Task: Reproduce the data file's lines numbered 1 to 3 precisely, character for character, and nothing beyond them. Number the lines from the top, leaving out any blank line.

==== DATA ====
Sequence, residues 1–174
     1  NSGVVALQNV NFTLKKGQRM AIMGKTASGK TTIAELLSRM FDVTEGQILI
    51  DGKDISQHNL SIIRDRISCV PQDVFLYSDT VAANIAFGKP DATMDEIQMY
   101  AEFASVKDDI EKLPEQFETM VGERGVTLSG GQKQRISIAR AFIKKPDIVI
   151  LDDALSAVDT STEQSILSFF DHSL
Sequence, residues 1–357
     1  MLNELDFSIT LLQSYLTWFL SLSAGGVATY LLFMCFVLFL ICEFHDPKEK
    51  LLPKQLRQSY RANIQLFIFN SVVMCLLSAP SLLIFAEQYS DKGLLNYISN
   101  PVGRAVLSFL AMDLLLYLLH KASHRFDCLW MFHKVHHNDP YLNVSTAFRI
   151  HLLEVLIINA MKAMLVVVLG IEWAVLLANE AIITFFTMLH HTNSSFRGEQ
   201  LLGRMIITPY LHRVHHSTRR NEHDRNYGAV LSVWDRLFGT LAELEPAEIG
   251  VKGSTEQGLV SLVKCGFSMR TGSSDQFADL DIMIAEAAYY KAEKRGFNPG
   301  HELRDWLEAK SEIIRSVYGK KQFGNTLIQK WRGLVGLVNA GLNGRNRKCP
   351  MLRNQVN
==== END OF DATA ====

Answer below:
Sequence, residues 1–174
     1  NSGVVALQNV NFTLKKGQRM AIMGKTASGK TTIAELLSRM FDVTEGQILI
    51  DGKDISQHNL SIIRDRISCV PQDVFLYSDT VAANIAFGKP DATMDEIQMY